Monday, March 19, 2012

“Beginning” of the Week #6

This week’s “beginning” is among my favorites. It's the opening passage of Ken Follett’s The Pillars of the Earth. This is a great novel, and its beginning, in my view, sets the tone perfectly for the story that lies ahead:
The small boys came early to the hanging. 
It was still dark when the first three or four of them sidled out of the hovels, quiet as cats in their felt boots. A thin layer of fresh snow covered the little town like a new coat of paint, and theirs were the first footprints to blemish its perfect surface. They picked their way through the huddled wooden huts and along the streets of frozen mud to the silent marketplace, where the gallows stood waiting. 
The boys despised everything their elders valued. They scorned beauty and mocked goodness. They would hoot with laughter at the sight of a cripple, and if they saw a wounded animal they would stone it to death. They boasted of injuries and wore their scars with pride, and they reserved their special admiration for mutilation: a boy with a finger missing could be their king. They loved violence; they would run miles to see bloodshed; and they never missed a hanging.
– Ken Follett, The Pillars of the Earth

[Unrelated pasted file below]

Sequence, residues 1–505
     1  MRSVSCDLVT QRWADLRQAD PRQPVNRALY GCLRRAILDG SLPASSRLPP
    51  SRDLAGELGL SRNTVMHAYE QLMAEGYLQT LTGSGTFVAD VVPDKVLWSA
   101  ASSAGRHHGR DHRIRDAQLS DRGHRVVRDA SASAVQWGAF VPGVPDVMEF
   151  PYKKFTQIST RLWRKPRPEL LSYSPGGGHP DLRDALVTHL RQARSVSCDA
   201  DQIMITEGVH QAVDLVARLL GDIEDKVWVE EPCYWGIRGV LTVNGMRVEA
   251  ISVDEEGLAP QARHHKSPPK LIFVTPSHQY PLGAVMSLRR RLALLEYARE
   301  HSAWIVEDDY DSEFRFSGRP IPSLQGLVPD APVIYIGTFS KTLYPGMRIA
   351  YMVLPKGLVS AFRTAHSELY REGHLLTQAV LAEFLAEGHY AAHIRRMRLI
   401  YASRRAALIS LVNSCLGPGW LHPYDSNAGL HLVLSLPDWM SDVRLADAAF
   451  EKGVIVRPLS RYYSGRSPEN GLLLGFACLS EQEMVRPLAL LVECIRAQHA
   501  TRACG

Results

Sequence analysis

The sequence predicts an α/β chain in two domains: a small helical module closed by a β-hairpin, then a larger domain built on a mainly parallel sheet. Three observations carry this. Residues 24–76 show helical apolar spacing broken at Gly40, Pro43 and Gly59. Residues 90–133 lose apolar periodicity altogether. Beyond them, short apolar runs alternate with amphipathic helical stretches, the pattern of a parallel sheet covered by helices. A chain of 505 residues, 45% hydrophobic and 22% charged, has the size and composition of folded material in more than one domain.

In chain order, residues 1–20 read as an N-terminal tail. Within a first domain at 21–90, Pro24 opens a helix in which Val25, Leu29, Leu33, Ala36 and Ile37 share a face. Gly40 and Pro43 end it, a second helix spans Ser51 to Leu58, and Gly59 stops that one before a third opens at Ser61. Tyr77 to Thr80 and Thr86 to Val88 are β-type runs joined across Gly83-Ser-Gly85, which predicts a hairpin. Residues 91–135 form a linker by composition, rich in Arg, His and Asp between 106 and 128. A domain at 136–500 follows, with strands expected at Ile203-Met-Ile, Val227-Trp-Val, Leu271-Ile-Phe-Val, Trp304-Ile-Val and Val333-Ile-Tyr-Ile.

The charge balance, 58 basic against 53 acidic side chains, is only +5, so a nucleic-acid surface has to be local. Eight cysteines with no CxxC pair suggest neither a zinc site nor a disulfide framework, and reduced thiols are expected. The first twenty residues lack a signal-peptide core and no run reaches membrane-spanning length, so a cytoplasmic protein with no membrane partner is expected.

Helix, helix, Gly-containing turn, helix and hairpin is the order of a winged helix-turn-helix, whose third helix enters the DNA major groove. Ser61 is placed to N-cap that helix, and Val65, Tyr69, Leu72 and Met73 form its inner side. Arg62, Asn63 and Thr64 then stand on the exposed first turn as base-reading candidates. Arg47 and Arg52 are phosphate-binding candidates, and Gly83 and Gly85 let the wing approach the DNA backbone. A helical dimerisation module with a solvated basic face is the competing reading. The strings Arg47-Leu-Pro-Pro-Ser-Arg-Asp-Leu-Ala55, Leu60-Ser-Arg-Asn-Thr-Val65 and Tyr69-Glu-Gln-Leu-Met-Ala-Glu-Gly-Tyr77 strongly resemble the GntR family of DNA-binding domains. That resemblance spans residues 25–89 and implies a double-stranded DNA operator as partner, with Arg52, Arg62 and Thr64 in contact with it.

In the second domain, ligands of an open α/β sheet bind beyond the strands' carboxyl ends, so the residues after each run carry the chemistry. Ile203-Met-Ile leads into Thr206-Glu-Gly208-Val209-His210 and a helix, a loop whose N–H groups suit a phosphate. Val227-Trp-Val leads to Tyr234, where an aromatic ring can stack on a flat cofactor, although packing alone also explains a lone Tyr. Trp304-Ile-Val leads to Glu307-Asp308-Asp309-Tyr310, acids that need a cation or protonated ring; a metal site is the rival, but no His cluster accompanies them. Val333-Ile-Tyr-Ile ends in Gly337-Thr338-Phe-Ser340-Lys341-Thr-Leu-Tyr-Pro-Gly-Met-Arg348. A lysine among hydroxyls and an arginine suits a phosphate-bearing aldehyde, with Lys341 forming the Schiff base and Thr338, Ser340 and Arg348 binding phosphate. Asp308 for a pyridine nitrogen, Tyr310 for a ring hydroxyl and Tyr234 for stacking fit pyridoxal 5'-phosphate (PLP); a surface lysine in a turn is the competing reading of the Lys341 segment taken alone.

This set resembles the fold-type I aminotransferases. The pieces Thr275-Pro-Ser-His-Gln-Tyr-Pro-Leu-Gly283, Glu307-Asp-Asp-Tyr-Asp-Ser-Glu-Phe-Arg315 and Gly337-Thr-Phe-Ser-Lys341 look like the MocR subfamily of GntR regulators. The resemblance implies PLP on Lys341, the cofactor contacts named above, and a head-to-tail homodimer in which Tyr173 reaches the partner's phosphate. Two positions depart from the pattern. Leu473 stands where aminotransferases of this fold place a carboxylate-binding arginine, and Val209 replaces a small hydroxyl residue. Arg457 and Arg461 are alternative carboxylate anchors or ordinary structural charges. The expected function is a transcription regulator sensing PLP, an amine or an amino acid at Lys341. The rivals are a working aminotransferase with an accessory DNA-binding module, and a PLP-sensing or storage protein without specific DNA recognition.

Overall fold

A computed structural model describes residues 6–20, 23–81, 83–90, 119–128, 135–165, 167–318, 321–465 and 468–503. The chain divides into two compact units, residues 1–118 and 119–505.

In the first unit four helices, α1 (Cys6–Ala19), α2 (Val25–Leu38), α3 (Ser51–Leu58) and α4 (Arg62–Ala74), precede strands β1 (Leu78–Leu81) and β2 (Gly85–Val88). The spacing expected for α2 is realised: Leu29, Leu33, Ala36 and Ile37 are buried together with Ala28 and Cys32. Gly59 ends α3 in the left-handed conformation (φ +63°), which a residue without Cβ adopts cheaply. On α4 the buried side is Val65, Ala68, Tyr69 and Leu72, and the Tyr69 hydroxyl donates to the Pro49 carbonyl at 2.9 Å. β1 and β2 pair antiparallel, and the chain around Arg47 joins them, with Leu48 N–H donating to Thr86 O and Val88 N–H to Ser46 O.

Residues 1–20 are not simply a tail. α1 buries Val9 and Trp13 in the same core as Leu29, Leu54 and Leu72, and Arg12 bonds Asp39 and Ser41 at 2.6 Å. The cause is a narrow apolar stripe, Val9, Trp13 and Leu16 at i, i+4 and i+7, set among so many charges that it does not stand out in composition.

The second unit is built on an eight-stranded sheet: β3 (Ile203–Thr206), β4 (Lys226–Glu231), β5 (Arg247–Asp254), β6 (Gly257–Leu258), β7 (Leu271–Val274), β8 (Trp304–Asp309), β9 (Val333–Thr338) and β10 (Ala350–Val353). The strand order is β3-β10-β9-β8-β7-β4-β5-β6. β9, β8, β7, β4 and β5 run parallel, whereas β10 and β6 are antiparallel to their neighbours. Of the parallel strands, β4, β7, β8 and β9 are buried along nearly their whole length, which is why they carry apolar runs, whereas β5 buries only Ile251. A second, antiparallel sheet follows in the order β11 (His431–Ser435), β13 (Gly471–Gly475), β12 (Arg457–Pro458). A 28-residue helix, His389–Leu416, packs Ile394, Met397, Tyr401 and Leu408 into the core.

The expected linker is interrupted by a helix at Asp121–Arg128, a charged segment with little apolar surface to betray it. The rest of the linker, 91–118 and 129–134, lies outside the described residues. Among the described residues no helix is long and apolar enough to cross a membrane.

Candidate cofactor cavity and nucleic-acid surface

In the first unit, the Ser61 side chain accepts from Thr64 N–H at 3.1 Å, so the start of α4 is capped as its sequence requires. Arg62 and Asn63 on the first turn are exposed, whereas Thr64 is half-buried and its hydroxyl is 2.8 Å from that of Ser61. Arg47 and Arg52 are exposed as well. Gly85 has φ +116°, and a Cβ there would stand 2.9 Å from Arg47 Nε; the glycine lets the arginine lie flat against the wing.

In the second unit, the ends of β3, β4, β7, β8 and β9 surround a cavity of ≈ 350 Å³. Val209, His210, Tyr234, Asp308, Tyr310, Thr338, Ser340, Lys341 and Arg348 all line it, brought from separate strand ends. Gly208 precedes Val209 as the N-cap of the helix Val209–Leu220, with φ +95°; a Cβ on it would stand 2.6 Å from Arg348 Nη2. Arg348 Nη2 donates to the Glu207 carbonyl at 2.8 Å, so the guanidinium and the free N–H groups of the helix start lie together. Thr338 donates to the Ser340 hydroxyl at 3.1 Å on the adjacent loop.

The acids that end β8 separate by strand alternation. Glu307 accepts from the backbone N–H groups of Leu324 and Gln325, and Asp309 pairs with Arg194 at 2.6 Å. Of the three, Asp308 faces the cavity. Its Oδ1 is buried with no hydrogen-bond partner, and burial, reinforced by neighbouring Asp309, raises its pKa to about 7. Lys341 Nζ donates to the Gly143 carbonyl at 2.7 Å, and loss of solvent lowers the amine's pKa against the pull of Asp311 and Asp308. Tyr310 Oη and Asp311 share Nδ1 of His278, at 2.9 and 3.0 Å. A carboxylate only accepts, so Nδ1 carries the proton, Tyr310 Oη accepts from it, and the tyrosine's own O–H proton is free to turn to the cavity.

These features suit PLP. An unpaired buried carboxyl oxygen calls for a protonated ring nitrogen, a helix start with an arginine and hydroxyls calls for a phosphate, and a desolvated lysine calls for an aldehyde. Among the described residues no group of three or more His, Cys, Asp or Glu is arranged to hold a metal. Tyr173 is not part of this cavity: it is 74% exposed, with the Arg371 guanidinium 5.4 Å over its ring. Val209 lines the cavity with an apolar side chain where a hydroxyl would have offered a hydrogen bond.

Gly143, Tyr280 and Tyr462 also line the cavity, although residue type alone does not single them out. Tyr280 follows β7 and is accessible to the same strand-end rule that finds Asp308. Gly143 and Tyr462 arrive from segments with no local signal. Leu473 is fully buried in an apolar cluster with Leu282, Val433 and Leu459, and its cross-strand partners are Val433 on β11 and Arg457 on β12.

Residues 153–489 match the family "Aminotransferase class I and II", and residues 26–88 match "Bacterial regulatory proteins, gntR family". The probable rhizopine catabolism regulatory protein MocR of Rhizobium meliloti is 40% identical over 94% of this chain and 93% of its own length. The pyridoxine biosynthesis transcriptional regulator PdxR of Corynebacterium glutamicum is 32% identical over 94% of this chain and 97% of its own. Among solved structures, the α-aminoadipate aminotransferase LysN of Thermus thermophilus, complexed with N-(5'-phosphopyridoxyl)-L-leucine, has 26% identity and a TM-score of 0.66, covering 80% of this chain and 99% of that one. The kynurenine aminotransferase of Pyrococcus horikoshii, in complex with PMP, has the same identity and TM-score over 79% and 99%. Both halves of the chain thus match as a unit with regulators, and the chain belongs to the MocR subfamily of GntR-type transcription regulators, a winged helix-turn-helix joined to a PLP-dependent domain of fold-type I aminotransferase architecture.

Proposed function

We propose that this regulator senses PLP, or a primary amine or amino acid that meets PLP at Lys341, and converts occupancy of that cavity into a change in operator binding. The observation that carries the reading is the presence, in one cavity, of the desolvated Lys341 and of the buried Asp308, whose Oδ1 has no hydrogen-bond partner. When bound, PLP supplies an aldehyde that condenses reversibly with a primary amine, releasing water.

Is this the best "beginning" yet?

5 comments:

HelenR said...

This is a perfect beginning (and in my opinion, the best so far) to one of my all-time favorite bookds.

HelenR said...

Should read "books."

Joseph Finley said...

Thanks for the comment HelenR! This may be my favorite beginning too -- although I really like the beginning to The Gunslinger as well.

Alex Villasante said...

That's so good, I got shivers. "They never missed a hanging." There's a bloodthirstiness to children that never ceases to fascinate me! I'll have to check The Pillars of the Earth out.
By the way, I tagged you in the lucky 7 meme!

Joseph Finley said...

Alex – thanks for the tag and the comment! I agree – the way that Follett sets the tone is brilliant, and it’s consistent with the entire novel. Even better, this initial description foreshadows the last chapter of the book. The two work together masterfully.